In a gesture that's being interpreted many ways, David Miller refused last week to support a special meeting of council to talk with Chief Julian Fantino about the increasing incidence of gun crime and gang violence. He was one of 20 council members who voted against Councillor Giorgio Mammoliti's call for the extraordinary session and thus prevented the matter from getting the two-thirds majority needed for addition to the agenda. The mayor's critics were quick to suggest it was a signal that Miller is soft on crime or, at the very least, isn't prepared to make law enforcement the priority it should be. But Miller responds that the message he got from the series of budget consultations he and budget chief David Soknacki recently held with city residents is that Toronto is safe.
"(Residents are) concerned that it's becoming less safe, and the concern in particular is about guns, and gangs who seem to be using the guns," Miller adds. "But on the whole, people still believe our city is safe."
He says people also made it clear they expect council to spend for impact. "What that means to me is trying to marshal our resources to invest in neighbourhoods where kids are at risk," the mayor says. "That's the most effective thing the city can do in terms of crime prevention, and we're working on a strategy to try to do that."
Miller has enlisted Sylvia Searles, a former Metro bureaucrat and past police services employee, to coordinate the public safety file. He expects recommendations from the civic administration to be presented to council's policy and finance committee in April - after the city's 2004 operating budget has been adopted. That's also when the bureaucracy will respond to a number of related recommendations that Councillor Michael Thompson made to the mayor's office last month.
Thompson, who's having his own meeting with Fantino at City Hall next week to discuss the issues of gun crime and gang violence, says he'd have preferred Miller to act on his concerns immediately. "I think it's a significant public issue that needs attention now," the council newcomer from Scarborough Centre argues.
Conservative-minded Brian Ashton from Scarborough Southwest doesn't believe Miller's critics have it right. "I know the mayor is doing a lot of things at the city level to come to terms with gun crimes," the councillor says. And he also disagrees with those who argue that crime summits will somehow convince the public that local government is on top of the issue. But that said, Ashton is adamant that Miller "needs to be seen taking a strong stand on the increasing use of guns on our streets."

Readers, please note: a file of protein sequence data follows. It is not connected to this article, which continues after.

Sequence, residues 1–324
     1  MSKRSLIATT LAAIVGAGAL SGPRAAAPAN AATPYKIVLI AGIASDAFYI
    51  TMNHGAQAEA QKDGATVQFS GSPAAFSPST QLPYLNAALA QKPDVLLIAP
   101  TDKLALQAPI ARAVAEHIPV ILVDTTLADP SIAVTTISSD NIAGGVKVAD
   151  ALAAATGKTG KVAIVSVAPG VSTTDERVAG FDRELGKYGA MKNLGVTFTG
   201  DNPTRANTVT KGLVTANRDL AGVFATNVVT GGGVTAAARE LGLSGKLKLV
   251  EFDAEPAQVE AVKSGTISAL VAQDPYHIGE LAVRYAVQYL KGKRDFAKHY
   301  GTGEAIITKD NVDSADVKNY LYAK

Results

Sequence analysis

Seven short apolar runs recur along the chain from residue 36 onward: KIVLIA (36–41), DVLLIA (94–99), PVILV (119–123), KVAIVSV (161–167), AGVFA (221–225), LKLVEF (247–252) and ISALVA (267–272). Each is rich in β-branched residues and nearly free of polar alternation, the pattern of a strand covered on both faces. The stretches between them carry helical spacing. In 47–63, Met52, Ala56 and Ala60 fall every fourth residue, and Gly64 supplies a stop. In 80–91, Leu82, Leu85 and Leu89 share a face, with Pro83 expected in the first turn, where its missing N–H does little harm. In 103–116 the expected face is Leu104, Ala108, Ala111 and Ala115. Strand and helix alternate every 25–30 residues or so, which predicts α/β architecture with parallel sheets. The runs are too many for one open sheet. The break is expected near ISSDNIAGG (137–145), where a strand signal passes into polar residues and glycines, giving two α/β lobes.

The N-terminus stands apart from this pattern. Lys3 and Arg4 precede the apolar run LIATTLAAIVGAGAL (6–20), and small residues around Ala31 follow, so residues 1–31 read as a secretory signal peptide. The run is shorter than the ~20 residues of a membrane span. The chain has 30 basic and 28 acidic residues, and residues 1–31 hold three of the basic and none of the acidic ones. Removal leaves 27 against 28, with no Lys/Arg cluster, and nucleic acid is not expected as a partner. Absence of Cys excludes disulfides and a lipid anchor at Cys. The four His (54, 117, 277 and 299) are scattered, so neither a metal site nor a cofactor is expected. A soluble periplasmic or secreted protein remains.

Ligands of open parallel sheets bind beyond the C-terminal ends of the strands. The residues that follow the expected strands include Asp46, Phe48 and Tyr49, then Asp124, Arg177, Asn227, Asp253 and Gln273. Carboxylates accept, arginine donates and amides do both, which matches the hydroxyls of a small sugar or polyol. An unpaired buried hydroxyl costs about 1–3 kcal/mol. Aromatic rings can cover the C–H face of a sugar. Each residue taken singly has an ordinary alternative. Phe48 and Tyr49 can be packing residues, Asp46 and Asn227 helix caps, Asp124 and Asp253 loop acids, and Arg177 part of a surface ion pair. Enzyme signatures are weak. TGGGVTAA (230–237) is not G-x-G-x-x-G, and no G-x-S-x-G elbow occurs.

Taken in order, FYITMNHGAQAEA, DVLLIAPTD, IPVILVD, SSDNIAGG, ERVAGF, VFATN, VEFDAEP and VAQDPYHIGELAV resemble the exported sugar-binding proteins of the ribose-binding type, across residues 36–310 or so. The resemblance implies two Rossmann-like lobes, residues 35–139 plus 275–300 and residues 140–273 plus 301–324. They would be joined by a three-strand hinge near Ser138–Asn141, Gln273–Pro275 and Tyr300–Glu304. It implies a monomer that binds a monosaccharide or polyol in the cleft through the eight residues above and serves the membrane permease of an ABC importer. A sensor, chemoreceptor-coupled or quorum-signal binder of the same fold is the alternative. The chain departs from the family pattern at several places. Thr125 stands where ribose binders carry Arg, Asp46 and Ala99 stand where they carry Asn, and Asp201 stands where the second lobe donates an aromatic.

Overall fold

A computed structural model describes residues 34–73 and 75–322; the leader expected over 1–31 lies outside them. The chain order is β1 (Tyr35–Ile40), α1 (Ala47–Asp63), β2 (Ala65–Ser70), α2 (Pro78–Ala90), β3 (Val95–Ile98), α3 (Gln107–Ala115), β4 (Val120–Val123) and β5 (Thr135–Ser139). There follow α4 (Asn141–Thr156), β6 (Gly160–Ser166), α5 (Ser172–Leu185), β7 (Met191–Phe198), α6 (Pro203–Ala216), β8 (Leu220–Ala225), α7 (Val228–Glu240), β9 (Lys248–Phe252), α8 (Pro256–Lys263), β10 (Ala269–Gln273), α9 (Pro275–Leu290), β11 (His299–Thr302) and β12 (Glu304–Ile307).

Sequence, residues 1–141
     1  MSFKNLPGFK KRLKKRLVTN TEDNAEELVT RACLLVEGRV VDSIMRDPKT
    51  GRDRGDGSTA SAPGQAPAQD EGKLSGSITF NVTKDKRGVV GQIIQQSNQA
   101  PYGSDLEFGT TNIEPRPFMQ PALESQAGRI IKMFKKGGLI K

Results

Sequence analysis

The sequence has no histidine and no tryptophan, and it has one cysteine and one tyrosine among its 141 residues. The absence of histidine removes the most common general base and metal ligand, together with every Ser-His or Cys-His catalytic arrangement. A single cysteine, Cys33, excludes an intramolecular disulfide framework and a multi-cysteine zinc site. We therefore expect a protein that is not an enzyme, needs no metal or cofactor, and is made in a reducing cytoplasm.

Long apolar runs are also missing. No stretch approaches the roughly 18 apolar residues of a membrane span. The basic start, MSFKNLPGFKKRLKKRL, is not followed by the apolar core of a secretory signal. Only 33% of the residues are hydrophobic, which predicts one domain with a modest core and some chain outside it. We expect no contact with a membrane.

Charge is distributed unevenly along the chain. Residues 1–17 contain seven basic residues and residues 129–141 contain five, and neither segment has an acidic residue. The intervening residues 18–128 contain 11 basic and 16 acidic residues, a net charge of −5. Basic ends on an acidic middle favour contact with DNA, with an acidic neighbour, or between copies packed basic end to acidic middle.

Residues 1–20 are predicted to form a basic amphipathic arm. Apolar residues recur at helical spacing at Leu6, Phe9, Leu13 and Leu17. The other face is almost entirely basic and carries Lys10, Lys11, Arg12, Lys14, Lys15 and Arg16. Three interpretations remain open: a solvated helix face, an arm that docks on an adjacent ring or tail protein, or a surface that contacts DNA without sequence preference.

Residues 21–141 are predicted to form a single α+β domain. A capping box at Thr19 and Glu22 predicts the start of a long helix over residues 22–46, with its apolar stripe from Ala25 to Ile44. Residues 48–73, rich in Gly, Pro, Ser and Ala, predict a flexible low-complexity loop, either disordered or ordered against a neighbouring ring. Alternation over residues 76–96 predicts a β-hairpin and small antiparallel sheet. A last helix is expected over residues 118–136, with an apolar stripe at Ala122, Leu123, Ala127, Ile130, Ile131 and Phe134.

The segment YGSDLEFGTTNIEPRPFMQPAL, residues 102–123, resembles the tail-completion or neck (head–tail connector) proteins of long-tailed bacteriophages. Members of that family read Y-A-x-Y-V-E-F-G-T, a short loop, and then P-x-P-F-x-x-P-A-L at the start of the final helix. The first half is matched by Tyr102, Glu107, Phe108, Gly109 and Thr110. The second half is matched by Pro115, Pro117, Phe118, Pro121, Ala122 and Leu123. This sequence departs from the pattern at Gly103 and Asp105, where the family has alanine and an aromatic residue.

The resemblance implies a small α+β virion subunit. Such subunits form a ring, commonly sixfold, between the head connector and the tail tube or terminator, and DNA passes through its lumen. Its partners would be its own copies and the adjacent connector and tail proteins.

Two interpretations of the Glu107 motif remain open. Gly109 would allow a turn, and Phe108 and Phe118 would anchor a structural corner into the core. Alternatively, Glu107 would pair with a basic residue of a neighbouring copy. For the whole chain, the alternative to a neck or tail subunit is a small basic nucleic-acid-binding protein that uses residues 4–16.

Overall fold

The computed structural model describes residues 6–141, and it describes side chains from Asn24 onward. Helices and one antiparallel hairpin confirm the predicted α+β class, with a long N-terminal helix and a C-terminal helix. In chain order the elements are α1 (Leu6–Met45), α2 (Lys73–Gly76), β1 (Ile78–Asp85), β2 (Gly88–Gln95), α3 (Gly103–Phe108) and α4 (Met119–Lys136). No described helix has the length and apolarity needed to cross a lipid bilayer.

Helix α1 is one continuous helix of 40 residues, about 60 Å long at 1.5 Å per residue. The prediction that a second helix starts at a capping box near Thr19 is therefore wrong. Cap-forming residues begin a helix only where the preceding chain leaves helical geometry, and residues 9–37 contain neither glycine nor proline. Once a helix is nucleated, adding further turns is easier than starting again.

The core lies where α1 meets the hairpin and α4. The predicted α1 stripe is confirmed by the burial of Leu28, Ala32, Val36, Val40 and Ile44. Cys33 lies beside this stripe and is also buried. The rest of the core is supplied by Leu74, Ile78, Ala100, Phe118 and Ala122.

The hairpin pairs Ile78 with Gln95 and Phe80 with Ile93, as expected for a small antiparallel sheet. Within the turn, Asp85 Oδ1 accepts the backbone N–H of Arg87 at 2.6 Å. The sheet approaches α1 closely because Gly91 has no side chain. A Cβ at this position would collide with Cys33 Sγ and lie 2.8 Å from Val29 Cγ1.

And he has a suggestion. The mayor should hire a commissioner of public safety and give that lucky bureaucrat the job of implementing a comprehensive strategy to deal with violent crime in the city. "The mayor needs to stand up, puff out his rugby chest and say, During my watch, we're going to get the guns off the streets in Toronto,'" Ashton says. A public safety commissioner (someone like former deputy police chief Mike Boyd, for example) with the authority to go to Ottawa and Queen's Park to advocate for tougher gun laws and harsher sentences would be a big step, he says.
The mayor doesn't dismiss the proposal out of hand. He's had discussions with Ashton about bringing in a special commissioner on short-term contract, but Miller's clearly not convinced it's the route to go at this point.
"The city has a lot of work ongoing, and the challenge for us is to pull it all together," the mayor says. This is especially critical going into deliberations on this year's $6.5-billion operating budget, which is still in need of almost $300 million.
Councillor Pam McConnell, vice-chair of the Toronto police services board, is adamant that solutions to crime are more likely to be found in boosting social services than in giving the chief public relations opportunities. In fact, she suspects such meetings could quickly turn into an exercise that the police would use to back their demands for an 8 per cent hike to last year's $637-million budget. That's not going to happen, McConnell says.
"Some people think you resolve policy issues by throwing more money at them, but it's not a matter of getting more. It's a matter of making the best use of what you've got."
McConnell maintains that regular increases in the law enforcement budget haven't prevented an increase in gun crimes or the proliferation of gangs. In fact, directing more and more money to the cops means programs that could lead young people away from criminal activity are being shortchanged."